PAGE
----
woodway, these are interstates coming into downtown Atlanta, so bikes are not allowed and even if they were riding on them would be suicidal. I would definitely take the wide shoulder of a rural interstate if that was an option. I asked around and found one of the roads that's a little better that adds 3 miles. It's the same kind of road as the one I was on, but it's a "bike route" (whatever that is. It definitely doesn't mean it has a bike lane or that it's really all that suitable for bikes) so cars might be more likely to have seen bikes there before, and it goes through a commercial area instead of an industrial one so people are more likely to be expecting slow moving traffic in the right lane with people going to and from Starbucks and whatever. As opposed to the road I was on that was more of a means to get from point A to point B with no reason to stop in between. Along that road I passed a landfill, a large coal fired power plant with a facility that appears to process the coal, a sewage treatment plant that smells like poop, and a rail yard, among other things.
    Matt

  10. #10
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    Testing the narrow 10 degree beam 2 W HotSHot with the 180 Degree 4 W RedZone 4 and a Planet Bike Turbo under worst case scenarios (lowering sun washing out the lights and note the vest works well then, and riding into a lowering sun), here.

    Having drivers looking for slower traffic is a very good thing and though it is a longer and slower route, with more traffic, it may be a lot safer. Trust the 'vibes'. Besides a Starbucks trumps a Sewage Treatment Plant in the olfactory department, at least.

    BrianMc

  11. #11
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    I made a quick demo/video of the flashing pattern I'm going for. The LED flashes at about 15hz for 7 cycles then stays on for 400ms. The video shows the led directly, with a piece of paper over it, and out of focus with the paper, all in a dark room. The brightness is irrelevant since I'm not driving it at full power, I have no light reference in the video. I have a bunch of these blue LEDs for another project, but I won't use them on my bike since blue is reserved for police. Here's the video:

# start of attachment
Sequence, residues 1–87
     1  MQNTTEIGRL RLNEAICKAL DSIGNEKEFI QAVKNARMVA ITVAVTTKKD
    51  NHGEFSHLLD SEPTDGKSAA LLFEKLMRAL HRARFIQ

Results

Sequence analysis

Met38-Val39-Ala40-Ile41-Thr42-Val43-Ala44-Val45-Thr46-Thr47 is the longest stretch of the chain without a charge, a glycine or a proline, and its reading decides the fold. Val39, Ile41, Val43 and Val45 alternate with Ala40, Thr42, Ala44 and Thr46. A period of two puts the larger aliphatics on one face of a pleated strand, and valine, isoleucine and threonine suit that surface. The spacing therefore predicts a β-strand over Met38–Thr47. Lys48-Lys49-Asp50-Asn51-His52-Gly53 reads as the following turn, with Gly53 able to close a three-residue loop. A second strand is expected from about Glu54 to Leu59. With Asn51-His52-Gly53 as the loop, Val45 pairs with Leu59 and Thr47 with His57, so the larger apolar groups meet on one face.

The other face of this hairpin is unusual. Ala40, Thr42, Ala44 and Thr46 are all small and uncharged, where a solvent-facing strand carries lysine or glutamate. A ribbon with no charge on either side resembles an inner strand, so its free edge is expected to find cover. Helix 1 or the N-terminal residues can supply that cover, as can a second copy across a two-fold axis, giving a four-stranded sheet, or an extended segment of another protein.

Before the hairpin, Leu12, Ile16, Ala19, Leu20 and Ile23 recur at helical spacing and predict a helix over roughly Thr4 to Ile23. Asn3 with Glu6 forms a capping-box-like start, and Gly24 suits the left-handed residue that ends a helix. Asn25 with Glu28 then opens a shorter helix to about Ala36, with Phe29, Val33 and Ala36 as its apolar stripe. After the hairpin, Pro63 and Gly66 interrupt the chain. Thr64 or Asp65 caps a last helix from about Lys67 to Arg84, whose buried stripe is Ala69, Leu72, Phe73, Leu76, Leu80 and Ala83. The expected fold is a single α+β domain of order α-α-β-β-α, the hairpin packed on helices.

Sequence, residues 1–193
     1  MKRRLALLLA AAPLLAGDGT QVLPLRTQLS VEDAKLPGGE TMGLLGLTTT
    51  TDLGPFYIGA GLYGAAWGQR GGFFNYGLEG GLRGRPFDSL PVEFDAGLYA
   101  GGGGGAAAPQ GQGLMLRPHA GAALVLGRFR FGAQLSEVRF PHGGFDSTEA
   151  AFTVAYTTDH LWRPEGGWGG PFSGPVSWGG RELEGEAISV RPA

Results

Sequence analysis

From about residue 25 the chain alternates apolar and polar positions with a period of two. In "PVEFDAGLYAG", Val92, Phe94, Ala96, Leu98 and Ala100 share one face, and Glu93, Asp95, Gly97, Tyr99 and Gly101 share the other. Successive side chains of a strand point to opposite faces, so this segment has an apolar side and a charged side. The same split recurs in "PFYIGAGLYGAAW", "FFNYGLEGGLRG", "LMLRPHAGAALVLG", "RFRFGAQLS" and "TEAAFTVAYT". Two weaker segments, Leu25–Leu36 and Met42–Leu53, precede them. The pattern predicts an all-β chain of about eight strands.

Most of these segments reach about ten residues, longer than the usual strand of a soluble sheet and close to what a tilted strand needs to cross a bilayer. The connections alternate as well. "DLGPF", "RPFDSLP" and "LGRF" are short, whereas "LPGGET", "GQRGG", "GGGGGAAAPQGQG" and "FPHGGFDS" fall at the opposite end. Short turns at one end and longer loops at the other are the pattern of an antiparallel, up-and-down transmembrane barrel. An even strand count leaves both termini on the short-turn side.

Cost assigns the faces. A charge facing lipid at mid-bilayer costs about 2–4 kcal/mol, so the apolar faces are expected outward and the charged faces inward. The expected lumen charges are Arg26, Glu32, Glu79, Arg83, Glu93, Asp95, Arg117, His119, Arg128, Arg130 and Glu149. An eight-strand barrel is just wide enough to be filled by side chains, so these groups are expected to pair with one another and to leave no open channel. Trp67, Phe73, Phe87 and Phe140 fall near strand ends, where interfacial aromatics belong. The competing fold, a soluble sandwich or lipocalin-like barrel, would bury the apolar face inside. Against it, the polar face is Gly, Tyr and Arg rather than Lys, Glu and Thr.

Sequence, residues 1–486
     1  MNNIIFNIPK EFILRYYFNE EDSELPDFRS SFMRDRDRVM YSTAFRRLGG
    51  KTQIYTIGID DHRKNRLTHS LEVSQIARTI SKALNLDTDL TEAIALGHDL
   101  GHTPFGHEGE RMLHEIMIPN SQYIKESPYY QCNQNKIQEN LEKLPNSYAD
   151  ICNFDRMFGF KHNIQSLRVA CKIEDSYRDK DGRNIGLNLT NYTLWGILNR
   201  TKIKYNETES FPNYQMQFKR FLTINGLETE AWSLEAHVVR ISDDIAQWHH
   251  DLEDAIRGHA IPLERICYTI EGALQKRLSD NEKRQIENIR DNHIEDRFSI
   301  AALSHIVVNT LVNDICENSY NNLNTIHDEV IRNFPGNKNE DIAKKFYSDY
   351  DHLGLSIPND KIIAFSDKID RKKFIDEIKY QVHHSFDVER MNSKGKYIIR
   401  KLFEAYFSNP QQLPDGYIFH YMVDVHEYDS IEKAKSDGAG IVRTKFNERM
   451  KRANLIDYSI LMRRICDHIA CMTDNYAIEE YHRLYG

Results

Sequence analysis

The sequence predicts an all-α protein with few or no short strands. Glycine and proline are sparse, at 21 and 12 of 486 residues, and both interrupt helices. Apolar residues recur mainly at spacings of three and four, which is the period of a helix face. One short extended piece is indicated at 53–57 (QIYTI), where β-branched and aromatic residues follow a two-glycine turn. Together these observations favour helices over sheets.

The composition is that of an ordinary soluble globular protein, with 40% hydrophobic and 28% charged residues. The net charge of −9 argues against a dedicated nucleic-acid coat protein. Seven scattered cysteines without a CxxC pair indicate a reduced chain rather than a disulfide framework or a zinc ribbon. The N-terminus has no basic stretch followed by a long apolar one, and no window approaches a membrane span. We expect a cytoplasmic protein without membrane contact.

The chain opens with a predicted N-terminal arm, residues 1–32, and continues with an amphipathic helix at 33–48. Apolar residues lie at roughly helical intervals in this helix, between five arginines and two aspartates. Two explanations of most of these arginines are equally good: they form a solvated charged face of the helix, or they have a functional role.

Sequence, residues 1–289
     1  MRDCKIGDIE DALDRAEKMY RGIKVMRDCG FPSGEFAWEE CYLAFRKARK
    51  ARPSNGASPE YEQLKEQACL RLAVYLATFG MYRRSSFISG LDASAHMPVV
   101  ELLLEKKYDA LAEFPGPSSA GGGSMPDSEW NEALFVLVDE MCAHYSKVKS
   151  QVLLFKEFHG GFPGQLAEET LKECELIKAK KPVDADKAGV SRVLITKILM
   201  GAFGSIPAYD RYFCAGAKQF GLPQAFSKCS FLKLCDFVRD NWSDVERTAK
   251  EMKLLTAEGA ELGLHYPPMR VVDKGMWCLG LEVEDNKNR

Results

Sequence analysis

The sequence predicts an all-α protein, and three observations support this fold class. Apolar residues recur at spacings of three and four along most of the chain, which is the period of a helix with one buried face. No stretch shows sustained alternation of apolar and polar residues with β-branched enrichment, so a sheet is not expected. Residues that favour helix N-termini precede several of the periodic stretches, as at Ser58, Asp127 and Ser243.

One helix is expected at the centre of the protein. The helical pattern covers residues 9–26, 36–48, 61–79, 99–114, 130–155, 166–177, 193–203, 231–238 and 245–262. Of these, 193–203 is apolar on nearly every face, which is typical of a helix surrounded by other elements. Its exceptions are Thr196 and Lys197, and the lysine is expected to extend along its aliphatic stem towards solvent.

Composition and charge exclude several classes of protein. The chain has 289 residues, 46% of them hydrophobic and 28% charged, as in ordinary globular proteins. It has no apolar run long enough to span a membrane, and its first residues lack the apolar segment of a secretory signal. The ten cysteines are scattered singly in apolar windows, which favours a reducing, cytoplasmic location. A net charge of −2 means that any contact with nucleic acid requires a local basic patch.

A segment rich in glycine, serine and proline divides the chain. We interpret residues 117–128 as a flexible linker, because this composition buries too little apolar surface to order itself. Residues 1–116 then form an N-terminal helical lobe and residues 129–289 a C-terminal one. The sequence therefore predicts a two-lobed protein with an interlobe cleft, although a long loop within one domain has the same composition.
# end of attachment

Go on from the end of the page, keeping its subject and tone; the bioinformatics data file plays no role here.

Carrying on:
https://www.youtube.com/watch?v=FNkzJscjq8w

    There is some interference between the camera's framerate (30fps) and the flashing LED, which is why it sometimes appears to flash less. All the timing is very easy to adjust if I want to slow it down.

    The LEDs I would most likely use, and the blue LED in this video, are Piranha series by Cree. The red one puts out 7.7 lumens with a 120deg viewing angle at 70mA (about 1/6W). They cost just 0.19 each, so I can easily get lots.
    Digi-Key - CP42B-RKS-CL0P0AA4-ND (Manufacturer - CP42B-RKS-CL0P0AA4)
    Matt

  12. #12
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    Quote Originally Posted by m85476585 View Post
    ]So I'm wondering if it's possible for my lights to be too distracting?
    No, it isn't. I wouldn't advise using a 12Hz assault-strobe pattern designed to disorient, but I haven't seen any bike lights that do, so you're safe there.

    The idea isn't to blind people, just to make myself visible as early as possible and from as far a distance as possible. Does anyone here have experience riding with an excessive number of flashing rear lights? Any tips for riding on this kind of road?
    I have tons of experience with that. Start by confirming your existing lights are aimed dead-level and straight back, because the SF Turbo is directional, and it won't do nearly much good if it's not aimed at your targets. Also confirm your SFTurbo is actually on... mine turns itself off at random, frequently.

    Consider getting a Cygolite HotShot, which is significantly more powerful, rechargable, and not much more money. I have two and they seem to be reliable. For long-range daytime visibility on a highway (from the direct rear approach), this is a must-have at only $40. Sweat the aim, it's very directional.

    Also consider some Bontrager bar-tip lights to give yourself more "width." Bontrager: Trek Beacon Bar End Lights (Model #06988) These are available in flat-bar and drop-bar versions. Use rechargable AAAs because they do gobble up batteries quickly.

    In darkness, present as much reflective profile as possible. If you have panniers, get some iron-on reflective tape off eBay and iron on some vertical striping. Also get a neon-lime ANSI reflective vest, Harbor Freight Tools has basic ones starting at $5. Use reflective ankle bands, REI has the good Jog-A-Lite ones for $5. The idea here is to do what you can to be recognized for what you are, at least at close ranges, instead of just a random assortment of weird lights. Although I'd hope motorists associate blinkies with cyclists by now.



    I also apply 1cm stripes of high-performance reflective tape to my fenders. The Reflexite v82 from night-gear.com is some of the best for this, very high reflective performance yet thin enough that it doesn't try to peel itself off.

    At the same time I want to avoid attracting too much attention and having drivers fixate on me (causing them to drift closer).